A fully "automated" process may have a human task to watch the process - in the same way that an observation window allows one to observe the workings of a turbine.

Each human activity is surrounded by automated activities - similar to a good secretary who prepares documents for a boss and later takes care about them.

So, to comment Thomas' list:
- Don’t only rely on automation,
-- more automation requires adequate controls (also automated)

- augment it with appropriate process management methods,
-- In addition to production (or horizontal) processes, I recommend to develop some controlling (or vertical) processes; the latter helps people to validate execution of production processes.

- define proper rules for process managers that don’t only cover system functionality but also address process results,
-- controlling processes may signal potential problems to humans as well as propose some adjustments. For example, an assurance company guarantees that each claim is processed in less than N days (i.e. there is an SLA) and claims over 50$ are checked manually; when this company receives a wave of claims, a controlling process by detecting this wave may propose either to increase the staff for checking those claims or to adjust a limit (from 50$ to 100$) so more claims will be treated without manual check.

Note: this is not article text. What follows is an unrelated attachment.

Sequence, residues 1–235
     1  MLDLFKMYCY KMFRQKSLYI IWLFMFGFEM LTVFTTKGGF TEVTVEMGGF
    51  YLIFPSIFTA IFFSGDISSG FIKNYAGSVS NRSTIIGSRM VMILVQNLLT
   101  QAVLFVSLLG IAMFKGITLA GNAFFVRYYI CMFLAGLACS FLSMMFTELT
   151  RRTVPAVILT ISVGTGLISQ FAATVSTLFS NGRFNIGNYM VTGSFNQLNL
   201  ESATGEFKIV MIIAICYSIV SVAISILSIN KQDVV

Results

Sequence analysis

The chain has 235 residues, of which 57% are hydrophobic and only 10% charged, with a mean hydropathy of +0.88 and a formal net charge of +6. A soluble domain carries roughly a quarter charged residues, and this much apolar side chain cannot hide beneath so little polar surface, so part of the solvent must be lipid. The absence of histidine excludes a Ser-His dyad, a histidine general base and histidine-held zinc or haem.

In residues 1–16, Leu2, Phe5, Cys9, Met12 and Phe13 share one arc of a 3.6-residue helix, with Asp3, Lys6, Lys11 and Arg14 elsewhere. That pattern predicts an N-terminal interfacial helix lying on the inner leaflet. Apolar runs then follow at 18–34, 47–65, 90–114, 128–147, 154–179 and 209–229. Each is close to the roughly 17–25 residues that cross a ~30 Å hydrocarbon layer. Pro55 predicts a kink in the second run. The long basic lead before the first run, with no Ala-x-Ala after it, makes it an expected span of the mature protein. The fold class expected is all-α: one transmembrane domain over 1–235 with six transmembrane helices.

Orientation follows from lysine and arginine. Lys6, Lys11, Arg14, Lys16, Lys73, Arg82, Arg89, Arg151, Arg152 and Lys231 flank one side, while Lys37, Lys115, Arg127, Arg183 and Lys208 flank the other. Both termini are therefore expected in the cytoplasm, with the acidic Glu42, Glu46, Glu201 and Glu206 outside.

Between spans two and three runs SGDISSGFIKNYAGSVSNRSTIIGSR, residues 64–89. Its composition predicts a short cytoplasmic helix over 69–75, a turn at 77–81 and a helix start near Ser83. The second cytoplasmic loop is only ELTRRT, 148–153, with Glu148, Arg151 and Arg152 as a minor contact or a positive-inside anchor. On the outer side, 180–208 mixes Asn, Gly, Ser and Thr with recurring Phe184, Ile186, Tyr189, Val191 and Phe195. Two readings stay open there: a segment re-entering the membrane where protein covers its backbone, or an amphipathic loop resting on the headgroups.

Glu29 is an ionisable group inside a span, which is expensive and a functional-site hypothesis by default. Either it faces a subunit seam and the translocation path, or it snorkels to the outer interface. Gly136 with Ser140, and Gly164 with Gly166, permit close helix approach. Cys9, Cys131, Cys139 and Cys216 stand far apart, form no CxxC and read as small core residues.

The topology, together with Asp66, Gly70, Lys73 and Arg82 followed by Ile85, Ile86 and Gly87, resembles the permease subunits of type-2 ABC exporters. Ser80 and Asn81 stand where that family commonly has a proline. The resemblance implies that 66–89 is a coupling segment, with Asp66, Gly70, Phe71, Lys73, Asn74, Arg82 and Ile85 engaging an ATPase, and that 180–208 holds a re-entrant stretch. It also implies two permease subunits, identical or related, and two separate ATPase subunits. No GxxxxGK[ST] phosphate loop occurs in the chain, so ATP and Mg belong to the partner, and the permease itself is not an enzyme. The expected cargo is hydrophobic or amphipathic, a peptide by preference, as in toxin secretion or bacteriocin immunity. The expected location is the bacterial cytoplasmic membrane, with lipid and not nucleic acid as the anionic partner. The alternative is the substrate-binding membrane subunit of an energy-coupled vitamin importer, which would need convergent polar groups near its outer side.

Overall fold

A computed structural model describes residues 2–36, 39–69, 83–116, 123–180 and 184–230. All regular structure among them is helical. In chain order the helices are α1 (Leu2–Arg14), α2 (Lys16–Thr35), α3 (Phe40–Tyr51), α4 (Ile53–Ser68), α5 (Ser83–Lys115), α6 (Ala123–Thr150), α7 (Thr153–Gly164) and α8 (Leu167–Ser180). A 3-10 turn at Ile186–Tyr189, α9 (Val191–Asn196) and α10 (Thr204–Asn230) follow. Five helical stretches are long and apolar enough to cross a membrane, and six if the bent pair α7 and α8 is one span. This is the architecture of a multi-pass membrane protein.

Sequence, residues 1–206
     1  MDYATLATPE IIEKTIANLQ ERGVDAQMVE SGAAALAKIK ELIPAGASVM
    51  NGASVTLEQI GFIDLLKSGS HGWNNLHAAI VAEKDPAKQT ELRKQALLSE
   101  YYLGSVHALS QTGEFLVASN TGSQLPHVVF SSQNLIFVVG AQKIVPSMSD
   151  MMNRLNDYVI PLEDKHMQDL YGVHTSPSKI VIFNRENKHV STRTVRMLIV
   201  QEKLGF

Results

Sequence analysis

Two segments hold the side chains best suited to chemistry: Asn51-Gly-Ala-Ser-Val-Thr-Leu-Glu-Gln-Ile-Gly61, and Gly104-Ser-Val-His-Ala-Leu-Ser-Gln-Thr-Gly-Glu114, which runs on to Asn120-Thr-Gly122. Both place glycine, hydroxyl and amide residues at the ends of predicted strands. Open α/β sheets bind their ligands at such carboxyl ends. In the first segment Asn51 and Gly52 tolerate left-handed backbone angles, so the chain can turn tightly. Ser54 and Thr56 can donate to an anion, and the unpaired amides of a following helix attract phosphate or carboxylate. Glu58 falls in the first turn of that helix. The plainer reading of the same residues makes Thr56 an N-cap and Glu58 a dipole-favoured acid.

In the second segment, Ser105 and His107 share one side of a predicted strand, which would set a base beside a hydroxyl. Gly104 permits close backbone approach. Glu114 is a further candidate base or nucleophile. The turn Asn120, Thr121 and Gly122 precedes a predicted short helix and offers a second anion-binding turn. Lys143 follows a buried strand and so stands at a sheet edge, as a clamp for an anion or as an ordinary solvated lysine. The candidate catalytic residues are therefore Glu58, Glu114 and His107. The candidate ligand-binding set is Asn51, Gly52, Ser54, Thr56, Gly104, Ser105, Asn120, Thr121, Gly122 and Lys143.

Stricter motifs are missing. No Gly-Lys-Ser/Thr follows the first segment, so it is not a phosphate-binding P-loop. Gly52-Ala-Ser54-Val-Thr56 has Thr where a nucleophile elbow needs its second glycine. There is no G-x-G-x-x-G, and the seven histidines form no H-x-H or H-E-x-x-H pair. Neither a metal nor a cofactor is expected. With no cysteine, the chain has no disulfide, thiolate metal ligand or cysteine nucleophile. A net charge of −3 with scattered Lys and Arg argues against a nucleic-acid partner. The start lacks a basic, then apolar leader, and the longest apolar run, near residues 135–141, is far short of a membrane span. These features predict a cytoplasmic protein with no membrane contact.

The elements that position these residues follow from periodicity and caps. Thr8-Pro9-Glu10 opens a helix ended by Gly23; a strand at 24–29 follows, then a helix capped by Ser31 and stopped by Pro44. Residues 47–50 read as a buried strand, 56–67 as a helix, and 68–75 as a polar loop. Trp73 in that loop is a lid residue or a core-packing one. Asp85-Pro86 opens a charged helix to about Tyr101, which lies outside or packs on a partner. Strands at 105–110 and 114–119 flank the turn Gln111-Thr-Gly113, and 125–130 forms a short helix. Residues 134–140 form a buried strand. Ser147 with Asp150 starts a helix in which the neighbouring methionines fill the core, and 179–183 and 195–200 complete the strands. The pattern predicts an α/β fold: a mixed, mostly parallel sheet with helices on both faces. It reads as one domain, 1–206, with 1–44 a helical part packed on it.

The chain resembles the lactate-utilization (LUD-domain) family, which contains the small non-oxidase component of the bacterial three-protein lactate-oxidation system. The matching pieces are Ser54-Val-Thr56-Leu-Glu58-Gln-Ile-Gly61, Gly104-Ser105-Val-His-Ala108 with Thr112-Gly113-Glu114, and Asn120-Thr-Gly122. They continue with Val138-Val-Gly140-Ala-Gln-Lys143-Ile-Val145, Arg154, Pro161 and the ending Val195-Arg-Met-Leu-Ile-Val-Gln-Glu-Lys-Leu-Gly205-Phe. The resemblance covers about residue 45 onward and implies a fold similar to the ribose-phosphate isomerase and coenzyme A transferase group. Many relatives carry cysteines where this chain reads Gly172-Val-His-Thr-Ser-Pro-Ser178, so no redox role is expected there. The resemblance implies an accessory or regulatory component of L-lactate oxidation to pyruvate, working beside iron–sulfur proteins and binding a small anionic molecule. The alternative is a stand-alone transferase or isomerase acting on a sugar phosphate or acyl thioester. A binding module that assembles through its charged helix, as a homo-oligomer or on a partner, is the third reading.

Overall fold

- responsibility and accountability should play equal parts in process management jobs and should address clearly defined processes,
-- who is responsible for a process template, a process instance, a process activity.

- don’t design your processes for the sunshine case only – also look at process risk management issues.
-- fault-tolerance, error-recovery, comprehensive traceability, etc. are important for BPM design and execution; actually, the power of BPM helps us to address those issues in different ways, e.g. if a problem is caused by a user then a super-user may receive a task to resolve this problem.



Linkedin: What does mean the term 'Business Architecture' today and what it should mean tomorrow?